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Resilience required in the real estate finance market as new term optimism fades

As we reach the end of September and the focus turns to the third COVID quarter date, real estate finance partners Debra Cooper and Mehar Patel look at how the month has passed from new term optimism to increased restrictions and a need to focus on resilience and relationships.

As September started, parents prepared the new school uniform and anticipated being able to actually work from home rather than having to teach the key facts of the Roman Empire in between Zoom calls. However, the optimism was short lived as, over the space of the month, an increasing number of local lockdowns were put in place and, by 24 September, the hospitality sector was hit hard by a 10pm curfew. There was also a renewed encouragement to work from home.

Keeping in line with regulations and the rule of 6, here are our new school year thoughts on the real estate finance market as we stand at the end of September:

1. Top and bottom of the asset class

  • Beds and sheds have been widely proclaimed as the top students in the COVID class of 2020. However, it is clear that beds refer to the residential side of real estate and not hotels or student accommodation. 
  • Student accommodation is a sit and wait game to see if the predicted reservations materialise and what the impact of global travel restrictions is. However, on the positive side, student numbers are higher than expected potentially due to the inability for students to take gap years and a less than buoyant jobs market – making higher education a more inviting prospect.
  • The hospitality and hotel sectors are clearly struggling and will continue to do so while global travel restrictions, corporate demand and 10pm curfews remain in place.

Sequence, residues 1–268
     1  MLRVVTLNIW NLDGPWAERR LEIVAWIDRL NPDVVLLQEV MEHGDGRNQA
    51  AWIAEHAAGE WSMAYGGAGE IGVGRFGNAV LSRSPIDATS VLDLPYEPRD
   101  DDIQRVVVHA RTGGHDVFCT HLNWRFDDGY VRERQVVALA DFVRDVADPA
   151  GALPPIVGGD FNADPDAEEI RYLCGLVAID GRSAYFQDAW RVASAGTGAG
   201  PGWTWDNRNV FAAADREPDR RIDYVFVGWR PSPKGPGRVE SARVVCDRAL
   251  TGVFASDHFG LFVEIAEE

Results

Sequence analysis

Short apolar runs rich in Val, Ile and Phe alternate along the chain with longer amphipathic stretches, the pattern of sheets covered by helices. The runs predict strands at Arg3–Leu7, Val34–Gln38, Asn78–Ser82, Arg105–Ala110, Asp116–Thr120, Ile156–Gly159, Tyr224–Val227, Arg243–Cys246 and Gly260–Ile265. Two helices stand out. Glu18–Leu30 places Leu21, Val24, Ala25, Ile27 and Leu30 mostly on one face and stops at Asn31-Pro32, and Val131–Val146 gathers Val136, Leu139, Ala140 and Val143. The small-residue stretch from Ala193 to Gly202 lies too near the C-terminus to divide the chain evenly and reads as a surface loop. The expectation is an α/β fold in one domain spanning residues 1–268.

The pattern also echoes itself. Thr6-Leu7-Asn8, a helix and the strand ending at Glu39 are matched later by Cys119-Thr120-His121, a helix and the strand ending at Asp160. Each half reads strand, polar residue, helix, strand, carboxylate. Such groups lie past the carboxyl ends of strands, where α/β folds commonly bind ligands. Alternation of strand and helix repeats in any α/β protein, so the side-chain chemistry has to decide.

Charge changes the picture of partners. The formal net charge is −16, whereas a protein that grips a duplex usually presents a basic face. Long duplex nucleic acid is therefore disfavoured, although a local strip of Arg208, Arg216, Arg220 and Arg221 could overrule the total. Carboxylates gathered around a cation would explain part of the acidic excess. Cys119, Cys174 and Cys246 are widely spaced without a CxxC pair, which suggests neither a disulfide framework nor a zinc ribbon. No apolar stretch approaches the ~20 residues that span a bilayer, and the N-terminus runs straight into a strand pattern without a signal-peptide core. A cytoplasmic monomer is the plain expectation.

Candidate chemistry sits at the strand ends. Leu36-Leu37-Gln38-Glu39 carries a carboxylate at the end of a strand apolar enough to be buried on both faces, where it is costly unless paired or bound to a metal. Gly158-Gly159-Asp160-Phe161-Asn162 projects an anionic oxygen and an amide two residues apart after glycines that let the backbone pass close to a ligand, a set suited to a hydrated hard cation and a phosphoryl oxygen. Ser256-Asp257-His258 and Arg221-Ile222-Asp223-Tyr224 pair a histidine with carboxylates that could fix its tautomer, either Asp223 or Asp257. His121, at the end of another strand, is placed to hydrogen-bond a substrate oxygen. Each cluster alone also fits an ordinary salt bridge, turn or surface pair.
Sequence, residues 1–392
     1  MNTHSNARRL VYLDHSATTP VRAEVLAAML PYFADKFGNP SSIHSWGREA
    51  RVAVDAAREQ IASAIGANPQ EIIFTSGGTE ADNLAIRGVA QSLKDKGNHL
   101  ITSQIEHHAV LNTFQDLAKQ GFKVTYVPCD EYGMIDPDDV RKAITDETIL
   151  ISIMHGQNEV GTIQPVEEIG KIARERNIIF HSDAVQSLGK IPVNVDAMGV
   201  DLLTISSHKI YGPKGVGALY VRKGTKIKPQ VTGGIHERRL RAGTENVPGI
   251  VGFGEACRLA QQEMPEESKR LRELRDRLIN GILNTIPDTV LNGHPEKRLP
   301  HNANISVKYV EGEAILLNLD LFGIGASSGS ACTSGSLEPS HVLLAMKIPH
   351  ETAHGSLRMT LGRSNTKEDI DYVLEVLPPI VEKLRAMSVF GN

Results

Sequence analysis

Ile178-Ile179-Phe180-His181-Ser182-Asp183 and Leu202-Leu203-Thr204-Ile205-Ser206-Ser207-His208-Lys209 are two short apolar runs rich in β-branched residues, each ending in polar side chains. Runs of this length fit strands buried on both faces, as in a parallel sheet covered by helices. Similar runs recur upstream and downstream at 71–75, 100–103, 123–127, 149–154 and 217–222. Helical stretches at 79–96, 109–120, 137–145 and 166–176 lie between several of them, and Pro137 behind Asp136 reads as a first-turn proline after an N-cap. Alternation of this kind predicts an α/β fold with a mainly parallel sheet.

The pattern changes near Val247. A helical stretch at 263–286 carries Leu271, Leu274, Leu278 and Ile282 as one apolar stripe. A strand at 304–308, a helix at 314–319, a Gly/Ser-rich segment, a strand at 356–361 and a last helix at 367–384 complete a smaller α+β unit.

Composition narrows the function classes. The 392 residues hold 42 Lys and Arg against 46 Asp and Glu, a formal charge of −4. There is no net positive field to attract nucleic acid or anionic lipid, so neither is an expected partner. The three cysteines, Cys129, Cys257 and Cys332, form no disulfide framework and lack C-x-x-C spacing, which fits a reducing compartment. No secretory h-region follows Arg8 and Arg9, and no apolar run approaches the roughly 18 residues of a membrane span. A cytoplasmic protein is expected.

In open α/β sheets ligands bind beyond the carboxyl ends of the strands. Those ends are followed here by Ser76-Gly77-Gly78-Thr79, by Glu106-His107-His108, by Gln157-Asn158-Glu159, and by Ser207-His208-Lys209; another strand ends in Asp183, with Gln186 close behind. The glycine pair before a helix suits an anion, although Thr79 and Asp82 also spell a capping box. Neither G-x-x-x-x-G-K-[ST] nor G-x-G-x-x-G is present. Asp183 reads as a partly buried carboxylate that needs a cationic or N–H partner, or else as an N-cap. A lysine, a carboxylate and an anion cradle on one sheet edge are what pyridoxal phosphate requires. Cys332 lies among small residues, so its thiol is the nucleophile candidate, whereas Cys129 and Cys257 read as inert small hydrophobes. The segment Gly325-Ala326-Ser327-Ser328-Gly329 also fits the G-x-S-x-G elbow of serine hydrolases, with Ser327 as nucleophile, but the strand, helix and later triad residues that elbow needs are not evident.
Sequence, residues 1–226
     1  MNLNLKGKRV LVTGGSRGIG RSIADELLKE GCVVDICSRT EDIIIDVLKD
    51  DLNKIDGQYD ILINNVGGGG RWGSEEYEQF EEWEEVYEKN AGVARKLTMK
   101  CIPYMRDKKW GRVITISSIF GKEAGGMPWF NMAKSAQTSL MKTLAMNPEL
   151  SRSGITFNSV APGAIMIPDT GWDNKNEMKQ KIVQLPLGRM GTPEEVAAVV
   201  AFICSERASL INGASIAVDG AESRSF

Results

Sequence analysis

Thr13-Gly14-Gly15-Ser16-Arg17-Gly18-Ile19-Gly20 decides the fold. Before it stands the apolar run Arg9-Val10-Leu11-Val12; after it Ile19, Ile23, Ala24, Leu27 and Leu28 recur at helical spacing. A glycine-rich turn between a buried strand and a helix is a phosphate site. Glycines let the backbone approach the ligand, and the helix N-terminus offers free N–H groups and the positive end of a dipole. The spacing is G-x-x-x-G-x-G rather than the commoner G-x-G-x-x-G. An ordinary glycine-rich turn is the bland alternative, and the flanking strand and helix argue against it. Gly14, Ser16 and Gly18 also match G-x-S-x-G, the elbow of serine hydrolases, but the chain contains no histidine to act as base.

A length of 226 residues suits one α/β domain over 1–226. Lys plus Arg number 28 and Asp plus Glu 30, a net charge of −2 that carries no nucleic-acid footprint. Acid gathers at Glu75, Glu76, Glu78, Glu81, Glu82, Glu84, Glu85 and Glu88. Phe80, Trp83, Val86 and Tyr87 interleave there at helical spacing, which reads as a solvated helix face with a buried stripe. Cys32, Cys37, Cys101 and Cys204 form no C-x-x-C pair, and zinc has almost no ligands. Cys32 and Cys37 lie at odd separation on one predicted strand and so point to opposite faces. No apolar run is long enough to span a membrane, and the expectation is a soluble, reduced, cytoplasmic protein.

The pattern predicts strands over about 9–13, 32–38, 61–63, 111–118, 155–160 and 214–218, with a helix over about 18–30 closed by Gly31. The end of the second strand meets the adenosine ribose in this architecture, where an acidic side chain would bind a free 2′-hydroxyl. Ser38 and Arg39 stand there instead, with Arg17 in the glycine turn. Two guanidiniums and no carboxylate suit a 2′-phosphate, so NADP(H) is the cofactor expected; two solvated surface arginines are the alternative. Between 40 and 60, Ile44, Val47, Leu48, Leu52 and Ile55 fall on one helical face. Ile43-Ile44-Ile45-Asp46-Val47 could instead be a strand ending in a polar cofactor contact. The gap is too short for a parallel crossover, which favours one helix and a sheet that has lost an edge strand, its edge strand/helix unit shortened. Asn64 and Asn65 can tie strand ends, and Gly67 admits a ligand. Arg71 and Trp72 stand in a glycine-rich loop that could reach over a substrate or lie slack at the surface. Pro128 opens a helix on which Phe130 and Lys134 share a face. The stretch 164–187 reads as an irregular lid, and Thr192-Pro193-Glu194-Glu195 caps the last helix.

• Residential and BTR is sitting pretty near the top of the class as lockdown has highlighted the importance of where we live and having the space and flexibility to use the home space as they need - and people being willing to pay for this. This is a regional phenomenon, not just in London.
  • Logistics has generally seen an increase in demand across the board, from big sheds sitting alongside motorway distribution routes to last mile locations.
  • Office has been one of the more resilient asset classes to date, despite a higher percentage of home working being anticipated in the future. We believe there will be a growing shift in how offices are used – more as a hub than as a fixed workspace and floor plates and offerings will need to adapt to this. The concern around lockdown on mental health and isolation means that we believe offices will adapt but will remain part of working lives. However, there will be a need for older stock to be reassessed in order to consider if it remains viable for office use or it needs a fundamental change, for example to residential.
  • Retail is very clearly at the bottom of the class but, as has been widely discussed over the past 12 months, COVID has been the final straw in a steady decline rather than the cause of retail’s demise.